Business & Marketing

Fusion Farms - Some call us crazy

“San Diego to Puerto Rico? Why? Are you nuts? Are you going to give up your citizenship? What about medical insurance, international calls, social security and crime? Do they have power yet? Does anyone therespeak English? Can you drink the water?”

Yep, we got them all.

Yet, here we are dispelling myths daily and embracing the challenges.

We chose Puerto Rico. We were not forced to move here, running from the law or evading (but definitely avoiding) taxes. We are still US citizens and our friends and family from the States don’t need a passport to come visit us.

There are 2 reasons we moved here: personal and professional.

Let’s start with personal.

When we decided to relocate to Puerto Rico from San Diego to start Fusion Farms, our announcement was met with quite a few raised eyebrows. After all, San Diego is one of the greatest cities on earth, right?

Don’t get me wrong! We loved San Diego and enjoyed most of what it had to offer until the island of Puerto Rico pulled at our heartstrings compelling us to take the leap.

I believe pictures speak a thousand words so below is the view we wake up to every morning. And let me mention that beachfront real estate is a fraction of the price it would cost in San Diego.

Most of what we need is within 3 miles. There is no stoplight in our town and yet Home Depot and Walmart are only 30 minutes away.  We have plenty of good restaurants and snorkeling is perfect without a wetsuit. We did not choose to live in a gated community in Dorado or San Juan. We chose the west side of the island where sunsets and surfing are the norm.

Yesterday, we went down the 115 affectionately called, “Mango Alley,” to collect some Ataulfo mangos (Champagne mangos) that ripened and fell to the ground like manna for the community to enjoy. Locals and tourists with their grocery bags line the road looking for the best specimens; it reminded me of Easter egg hunts and the excitement when you find the perfect one that someone else overlooked.

We have been residents for only 5 months and yet we feel a deep connection to the culture and the way of life. We have been embraced here in a way that is not common anywhere esle that we have experienced in the States. Puerto Ricans are warm, friendly, inviting, and patient – especially with our pathetic attempt at Spanish.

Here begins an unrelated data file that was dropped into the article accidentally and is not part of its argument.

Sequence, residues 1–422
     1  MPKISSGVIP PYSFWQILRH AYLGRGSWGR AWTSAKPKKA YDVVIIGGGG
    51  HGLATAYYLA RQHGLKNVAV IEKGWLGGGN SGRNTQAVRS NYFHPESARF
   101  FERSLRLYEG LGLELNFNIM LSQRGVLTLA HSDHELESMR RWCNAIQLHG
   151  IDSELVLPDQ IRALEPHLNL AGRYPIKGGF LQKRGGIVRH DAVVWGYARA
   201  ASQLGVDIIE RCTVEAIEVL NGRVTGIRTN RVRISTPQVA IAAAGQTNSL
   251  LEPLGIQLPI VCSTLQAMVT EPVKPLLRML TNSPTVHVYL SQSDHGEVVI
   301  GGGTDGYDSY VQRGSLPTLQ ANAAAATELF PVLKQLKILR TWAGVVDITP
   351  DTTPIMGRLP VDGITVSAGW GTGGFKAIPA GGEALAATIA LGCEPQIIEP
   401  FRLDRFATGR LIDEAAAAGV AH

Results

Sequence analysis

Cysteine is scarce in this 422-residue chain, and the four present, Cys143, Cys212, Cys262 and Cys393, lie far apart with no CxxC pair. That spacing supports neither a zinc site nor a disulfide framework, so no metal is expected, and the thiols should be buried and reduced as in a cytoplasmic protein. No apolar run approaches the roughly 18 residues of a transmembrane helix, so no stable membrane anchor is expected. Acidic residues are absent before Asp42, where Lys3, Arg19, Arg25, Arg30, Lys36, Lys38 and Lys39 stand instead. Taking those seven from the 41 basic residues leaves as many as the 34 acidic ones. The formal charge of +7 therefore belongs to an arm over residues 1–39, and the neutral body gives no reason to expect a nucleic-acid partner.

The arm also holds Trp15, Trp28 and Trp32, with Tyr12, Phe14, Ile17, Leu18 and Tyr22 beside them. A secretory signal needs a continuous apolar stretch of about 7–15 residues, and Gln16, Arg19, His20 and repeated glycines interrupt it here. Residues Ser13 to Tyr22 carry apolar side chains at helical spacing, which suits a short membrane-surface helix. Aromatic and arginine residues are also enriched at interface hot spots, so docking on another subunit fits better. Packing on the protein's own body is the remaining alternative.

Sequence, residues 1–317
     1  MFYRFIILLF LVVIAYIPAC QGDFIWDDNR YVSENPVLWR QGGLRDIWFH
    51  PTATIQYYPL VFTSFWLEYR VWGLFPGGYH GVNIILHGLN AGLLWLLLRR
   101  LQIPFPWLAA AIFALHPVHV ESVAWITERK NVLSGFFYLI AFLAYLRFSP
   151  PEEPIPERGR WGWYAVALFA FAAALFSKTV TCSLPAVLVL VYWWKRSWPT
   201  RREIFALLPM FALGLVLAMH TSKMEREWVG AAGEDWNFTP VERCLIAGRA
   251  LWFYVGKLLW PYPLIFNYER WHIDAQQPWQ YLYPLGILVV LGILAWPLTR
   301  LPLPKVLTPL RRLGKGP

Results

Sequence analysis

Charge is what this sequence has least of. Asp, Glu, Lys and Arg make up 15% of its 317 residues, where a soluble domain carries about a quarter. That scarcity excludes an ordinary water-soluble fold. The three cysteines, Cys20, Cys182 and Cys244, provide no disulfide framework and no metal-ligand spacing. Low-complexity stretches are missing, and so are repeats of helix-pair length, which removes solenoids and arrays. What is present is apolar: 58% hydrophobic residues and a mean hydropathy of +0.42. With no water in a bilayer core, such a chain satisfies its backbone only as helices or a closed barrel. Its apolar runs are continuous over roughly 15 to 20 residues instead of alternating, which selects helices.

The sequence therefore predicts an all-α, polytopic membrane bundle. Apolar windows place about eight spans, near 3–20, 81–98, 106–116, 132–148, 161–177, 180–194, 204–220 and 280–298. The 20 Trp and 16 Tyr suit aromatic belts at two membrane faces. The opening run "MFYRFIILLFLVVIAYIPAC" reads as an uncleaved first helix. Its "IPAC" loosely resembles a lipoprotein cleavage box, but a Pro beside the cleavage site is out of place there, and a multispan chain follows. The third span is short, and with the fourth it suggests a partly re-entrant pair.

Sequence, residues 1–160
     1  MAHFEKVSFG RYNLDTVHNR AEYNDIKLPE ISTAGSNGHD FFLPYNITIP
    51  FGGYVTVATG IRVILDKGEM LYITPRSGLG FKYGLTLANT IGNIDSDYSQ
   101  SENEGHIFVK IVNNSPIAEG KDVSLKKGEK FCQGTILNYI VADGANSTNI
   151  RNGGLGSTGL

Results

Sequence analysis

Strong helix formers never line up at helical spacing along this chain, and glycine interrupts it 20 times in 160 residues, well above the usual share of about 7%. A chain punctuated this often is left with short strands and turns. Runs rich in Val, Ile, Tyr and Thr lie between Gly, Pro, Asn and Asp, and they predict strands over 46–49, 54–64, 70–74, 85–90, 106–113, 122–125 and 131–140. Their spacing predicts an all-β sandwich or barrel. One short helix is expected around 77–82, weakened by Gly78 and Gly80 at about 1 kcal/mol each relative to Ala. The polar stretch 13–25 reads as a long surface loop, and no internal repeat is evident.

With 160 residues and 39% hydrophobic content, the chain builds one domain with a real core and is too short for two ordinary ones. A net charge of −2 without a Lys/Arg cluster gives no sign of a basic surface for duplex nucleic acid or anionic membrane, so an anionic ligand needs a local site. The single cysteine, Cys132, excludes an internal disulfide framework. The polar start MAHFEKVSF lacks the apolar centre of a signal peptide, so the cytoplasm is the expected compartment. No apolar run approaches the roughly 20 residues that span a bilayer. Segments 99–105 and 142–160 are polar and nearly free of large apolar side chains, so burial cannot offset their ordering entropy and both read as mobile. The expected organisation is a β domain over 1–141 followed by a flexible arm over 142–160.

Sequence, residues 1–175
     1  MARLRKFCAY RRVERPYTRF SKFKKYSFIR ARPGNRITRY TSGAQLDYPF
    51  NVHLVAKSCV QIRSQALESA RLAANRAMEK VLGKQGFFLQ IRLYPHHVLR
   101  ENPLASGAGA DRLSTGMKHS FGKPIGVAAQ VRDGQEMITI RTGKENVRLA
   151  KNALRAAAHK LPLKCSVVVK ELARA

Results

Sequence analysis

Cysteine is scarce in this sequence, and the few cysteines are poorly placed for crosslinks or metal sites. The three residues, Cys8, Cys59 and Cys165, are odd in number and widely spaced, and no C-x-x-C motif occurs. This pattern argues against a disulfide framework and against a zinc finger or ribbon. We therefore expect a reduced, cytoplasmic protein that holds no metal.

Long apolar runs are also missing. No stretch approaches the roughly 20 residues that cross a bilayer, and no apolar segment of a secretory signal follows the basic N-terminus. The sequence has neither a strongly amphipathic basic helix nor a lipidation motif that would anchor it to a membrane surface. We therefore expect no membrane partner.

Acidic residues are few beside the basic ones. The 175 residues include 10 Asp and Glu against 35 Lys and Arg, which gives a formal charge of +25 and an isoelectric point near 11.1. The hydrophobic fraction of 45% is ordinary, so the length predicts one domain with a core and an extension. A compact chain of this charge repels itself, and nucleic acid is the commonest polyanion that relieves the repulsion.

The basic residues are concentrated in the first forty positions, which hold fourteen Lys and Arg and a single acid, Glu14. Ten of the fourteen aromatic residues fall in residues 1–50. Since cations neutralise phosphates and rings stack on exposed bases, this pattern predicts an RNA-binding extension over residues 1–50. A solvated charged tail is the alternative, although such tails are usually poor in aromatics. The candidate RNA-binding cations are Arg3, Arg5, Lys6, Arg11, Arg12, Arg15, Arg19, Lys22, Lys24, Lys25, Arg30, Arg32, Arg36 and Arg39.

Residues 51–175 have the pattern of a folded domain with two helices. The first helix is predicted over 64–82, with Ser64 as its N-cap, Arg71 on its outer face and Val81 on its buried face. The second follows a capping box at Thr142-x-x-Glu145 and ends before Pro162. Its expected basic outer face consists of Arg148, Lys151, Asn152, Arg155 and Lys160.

Island life provides a unique juxtaposition of being geographically disconnected from the States and yet still being a US citizen. Currently, the United States has sixteen territories, five of which are permanently inhabited: Puerto Rico, Guam, Northern Mariana Islands, the U.S. Virgin Islands, and American Samoa. They are classified as unincorporated territories so no passport is needed to travel from the States.
 

On March 2, 1917, the Jones–Shafroth Act was signed, collectively making Puerto Ricans United States citizens without rescinding their Puerto Rican citizenship.

So, how does that work with taxes, voting and all the other rights and responsibilities of US citizens?

Let’s be clear. We are not CPA’s, lawyers or politicians.  We are Urban Farmers here to help the island obtain food sovereignty and give Puerto Ricans an advantage. In our research on Puerto Rico, we have learned of a great many “incentives” that helped to make our contribution and relocation more feasible. We are not hoping to educate people on all the tax advantages and if you are interested in why we pay ZERO US Federal Income tax, you can read about how that works through ACT 22. What I will say is that when we did the math comparing taxes in Puerto Rico vs. California, the results were astounding…and extremely motivating.

Article source: https://www.fusionfarmspr.com/some-call-us-crazy/

 


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